If you feel it necessary to use the phrase "motor neurons" it is best to understand they are simply sensory neurons which report what is happening inside of our body as our will creates movement in our limbs, e.g.

[page 38] The soul aspect cannot be linked to the human organism as a whole, except possibly by inventing motor nerves that do not exist and then expecting motor nerve functions to influence circulation, and so forth, all of which is hypothetical in the extreme.

Our human soul aspects are drawn from the same forces which are responsible for the ability of lower animals and plants to regenerate themselves, such as a frog embryo will replace a leg which is cut off with a well-formed new leg. We know that will not happen to human beings, but what Steiner reveals is that the same forces exist in human beings but they operate at the level of thinking and feeling.

[page 43, 44] Whenever I think or feel, I think and feel with the same forces that are sculpturally active in the plant kingdom or in lower animals . . . . [e. g.] Trains of thought that have escaped us can be finished with others, which we bring in from far away rather than from what is nearest at hand. This function is actually similar to the regrowth of necessary parts [of plants and lower animals].

What does all this mean? Rightly understood it means that this knowledge can lead us to a rational approach to healing, something truly effective to replace the scattershot efforts of most physicians today, who understand pathology and diseases well, but lack an organized approach to healing human beings, up until now.

[page 48] Here you can already see the dawning of what can be described as a healing process. We call on the help of forces in nature that we ourselves, as normal human beings, do not possess. We use them when we need to make an inner part of us stronger than it is in a normal human being.

Suppose someone has a breathing problem, we have a process for finding a way in nature to create a rational healing process.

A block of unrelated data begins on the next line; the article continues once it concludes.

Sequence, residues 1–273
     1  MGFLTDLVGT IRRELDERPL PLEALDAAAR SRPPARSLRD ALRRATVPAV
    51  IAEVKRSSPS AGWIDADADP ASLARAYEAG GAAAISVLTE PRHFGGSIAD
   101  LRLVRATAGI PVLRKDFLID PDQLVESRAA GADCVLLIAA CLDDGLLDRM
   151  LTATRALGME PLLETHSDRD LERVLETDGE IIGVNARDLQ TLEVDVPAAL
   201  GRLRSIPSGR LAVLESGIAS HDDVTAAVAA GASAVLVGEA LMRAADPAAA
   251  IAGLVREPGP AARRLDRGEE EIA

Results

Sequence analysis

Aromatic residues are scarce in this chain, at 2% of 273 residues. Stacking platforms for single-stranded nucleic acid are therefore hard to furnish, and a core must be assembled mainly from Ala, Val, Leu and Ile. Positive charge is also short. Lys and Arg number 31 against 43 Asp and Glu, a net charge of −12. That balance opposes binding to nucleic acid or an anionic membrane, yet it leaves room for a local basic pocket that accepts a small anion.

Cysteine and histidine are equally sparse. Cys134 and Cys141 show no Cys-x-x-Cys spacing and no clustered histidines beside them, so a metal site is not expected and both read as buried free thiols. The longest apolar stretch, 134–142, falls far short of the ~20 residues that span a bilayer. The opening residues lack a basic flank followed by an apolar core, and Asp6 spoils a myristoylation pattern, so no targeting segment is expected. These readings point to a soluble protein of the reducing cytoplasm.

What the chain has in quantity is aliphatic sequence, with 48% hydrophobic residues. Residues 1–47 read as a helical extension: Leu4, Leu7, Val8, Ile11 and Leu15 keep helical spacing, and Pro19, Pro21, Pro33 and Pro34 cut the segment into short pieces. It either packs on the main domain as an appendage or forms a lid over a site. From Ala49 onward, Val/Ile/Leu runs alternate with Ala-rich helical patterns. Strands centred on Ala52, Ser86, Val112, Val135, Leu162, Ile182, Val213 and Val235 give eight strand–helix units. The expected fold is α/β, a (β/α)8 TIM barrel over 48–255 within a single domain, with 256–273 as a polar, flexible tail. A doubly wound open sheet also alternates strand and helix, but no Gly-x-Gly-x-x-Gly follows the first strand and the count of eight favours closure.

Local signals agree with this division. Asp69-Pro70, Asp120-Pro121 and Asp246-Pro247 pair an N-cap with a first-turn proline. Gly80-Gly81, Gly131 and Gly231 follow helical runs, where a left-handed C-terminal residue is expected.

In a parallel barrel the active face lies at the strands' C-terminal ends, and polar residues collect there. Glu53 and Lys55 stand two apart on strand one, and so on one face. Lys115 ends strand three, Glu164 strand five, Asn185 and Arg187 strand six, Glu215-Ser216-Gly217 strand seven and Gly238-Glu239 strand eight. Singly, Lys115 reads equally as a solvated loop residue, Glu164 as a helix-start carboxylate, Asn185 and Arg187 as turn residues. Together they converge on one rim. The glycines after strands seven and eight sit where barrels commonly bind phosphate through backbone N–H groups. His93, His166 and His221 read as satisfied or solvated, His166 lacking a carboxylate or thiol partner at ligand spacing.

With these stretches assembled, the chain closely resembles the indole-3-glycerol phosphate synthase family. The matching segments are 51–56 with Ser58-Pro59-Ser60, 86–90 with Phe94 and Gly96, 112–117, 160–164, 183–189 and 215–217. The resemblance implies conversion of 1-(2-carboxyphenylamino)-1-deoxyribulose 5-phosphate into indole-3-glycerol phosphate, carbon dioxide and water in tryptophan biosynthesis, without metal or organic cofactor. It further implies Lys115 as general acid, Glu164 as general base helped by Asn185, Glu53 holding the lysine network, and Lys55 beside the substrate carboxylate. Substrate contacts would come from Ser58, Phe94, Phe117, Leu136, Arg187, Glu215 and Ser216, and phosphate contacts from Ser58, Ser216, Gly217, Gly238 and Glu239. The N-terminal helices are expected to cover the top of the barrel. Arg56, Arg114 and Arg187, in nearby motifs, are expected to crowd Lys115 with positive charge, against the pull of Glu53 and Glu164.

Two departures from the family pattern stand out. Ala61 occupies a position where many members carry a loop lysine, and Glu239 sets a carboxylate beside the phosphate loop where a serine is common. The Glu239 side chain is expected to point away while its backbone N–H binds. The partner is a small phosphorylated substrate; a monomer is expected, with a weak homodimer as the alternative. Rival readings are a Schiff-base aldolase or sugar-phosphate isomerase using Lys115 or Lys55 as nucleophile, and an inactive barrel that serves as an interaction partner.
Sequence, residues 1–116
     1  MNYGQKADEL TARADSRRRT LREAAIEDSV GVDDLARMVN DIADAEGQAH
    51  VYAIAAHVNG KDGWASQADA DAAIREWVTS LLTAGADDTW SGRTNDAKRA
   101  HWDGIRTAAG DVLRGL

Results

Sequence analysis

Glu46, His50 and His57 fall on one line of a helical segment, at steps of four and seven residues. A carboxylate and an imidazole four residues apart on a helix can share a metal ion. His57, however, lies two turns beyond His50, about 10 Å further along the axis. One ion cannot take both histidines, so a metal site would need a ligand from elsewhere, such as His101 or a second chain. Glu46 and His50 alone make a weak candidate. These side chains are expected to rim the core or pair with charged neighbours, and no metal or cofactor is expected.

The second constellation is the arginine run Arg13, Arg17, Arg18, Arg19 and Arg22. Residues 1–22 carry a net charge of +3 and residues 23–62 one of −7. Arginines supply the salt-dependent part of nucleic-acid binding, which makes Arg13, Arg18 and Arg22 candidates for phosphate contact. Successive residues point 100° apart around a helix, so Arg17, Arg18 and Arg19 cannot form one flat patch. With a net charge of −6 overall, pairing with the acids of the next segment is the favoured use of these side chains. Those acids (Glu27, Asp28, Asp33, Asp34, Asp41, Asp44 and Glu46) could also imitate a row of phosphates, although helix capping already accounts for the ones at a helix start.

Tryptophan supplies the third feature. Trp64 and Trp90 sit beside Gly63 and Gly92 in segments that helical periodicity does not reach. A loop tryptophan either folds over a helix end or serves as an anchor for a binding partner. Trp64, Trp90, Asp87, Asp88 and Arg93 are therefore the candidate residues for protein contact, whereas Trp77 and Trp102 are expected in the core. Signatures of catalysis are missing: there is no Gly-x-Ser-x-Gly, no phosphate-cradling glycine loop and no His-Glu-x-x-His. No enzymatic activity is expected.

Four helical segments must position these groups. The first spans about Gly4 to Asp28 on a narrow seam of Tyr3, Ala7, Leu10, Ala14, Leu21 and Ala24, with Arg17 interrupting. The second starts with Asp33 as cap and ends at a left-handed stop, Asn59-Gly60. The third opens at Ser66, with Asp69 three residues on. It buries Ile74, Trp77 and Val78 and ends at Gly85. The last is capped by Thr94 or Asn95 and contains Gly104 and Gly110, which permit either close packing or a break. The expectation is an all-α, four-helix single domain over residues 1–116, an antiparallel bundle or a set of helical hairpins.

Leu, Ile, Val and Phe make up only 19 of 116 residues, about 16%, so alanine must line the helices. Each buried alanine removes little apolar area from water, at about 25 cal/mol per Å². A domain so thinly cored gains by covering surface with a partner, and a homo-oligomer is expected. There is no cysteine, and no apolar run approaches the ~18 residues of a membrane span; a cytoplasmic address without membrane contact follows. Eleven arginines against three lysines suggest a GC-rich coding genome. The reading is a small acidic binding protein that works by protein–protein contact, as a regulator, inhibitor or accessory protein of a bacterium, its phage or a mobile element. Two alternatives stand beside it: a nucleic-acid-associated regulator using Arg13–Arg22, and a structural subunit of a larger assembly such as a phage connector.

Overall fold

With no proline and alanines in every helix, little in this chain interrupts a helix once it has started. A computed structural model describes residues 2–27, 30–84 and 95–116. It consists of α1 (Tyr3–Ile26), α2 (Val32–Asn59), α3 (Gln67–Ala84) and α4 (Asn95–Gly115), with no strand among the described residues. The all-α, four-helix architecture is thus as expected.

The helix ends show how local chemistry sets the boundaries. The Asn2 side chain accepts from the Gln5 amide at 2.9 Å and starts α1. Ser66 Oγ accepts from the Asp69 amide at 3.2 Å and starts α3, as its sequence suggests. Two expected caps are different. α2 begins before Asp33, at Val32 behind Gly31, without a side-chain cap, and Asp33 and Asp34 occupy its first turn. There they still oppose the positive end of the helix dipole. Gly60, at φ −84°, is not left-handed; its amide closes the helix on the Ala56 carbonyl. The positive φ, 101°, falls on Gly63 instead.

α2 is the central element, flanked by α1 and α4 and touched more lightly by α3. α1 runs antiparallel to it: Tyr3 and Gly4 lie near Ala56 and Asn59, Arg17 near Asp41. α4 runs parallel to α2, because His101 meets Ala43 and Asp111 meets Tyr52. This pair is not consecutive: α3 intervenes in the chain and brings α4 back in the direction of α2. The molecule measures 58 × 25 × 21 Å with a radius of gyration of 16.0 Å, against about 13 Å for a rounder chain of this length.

[page 48] If we take one of our organs — the lungs, perhaps — as an example, just so we can talk about this matter in concrete terms, we will find that we have withdrawn formative principles from organs such as this in order to have them available for our soul and spirit. Suppose we discover, somewhere in the plant kingdom, these same forces that we have withdrawn from our lungs. If we then administer them to a person with a pulmonary disorder, we are coming to the aid of that person's pulmonary functions. You see, the question now arises, which forces in outer nonhuman nature are similar to the forces that underlie our human organs but have been withdrawn to serve soul-spiritual functions? This route leads away from merely experimental methods toward a rational approach to therapy.

This next passage will be of interest to people who watch a lot medical shows or enjoy gossiping with friends about various medical problems. The mere act of talking about certain body organs will modify the way they operate.

[page 58] The moment you have thoughts about a particular organ — or, to put it better, thoughts that are connected with any particular organ — the organ itself becomes active in a certain way. Once again, this is a promising field for future doctoral dissertations. Simply study the connection between certain thoughts that appear in the human being and salivation, for example, or mucus secretion in the intestines or the secretion of milk, urine, or semen; study how specific thoughts appear, paralleling these organic activities.

Certain thoughts can, e. g., stop a gland from secreting and create an imbalance which if unchecked will lead to a disease. Our thoughts can either stop a gland's secretion or allow it to secrete. Often the one thing that happens when someone gets ills is that they shut themselves off from other people. That seclusion can have the salubrious effect of allowing the non-secreting gland to begin secreting normally again. Taking medication for diseases is sometimes superfluous as the disease will remedy itself with quiet bed rest away from people and the thoughts they carry with them. "Go home and get some rest" is often the last words of a doctor to a sick patient, age-old advice that has proven its worth for thousands of years.

[page 58] This is a clearly visible example of how formative activity leaves our organs and enters our thoughts. You might say that if you had not been thinking in that way, your gland would not have secreted anything. You withdrew a force from the gland and transferred it to your soul life, and then the gland began secreting.

Flying birds do not have intestinal disorders for the simple reason that they eliminate while flying. I have myself noticed this happening on occasion when driving home along a swampy area and had a Great Egret flying alongside me. It was possible to see the bird eliminating as it flew. Why is this so? Probably because they could not fly unless they shed all excess body weight such as the refuse from their eating and drinking. Otherwise it would be like expecting a jet airliner to store all the excess products of its engines combustion inside the plane — that is not possible for jets or for flying birds.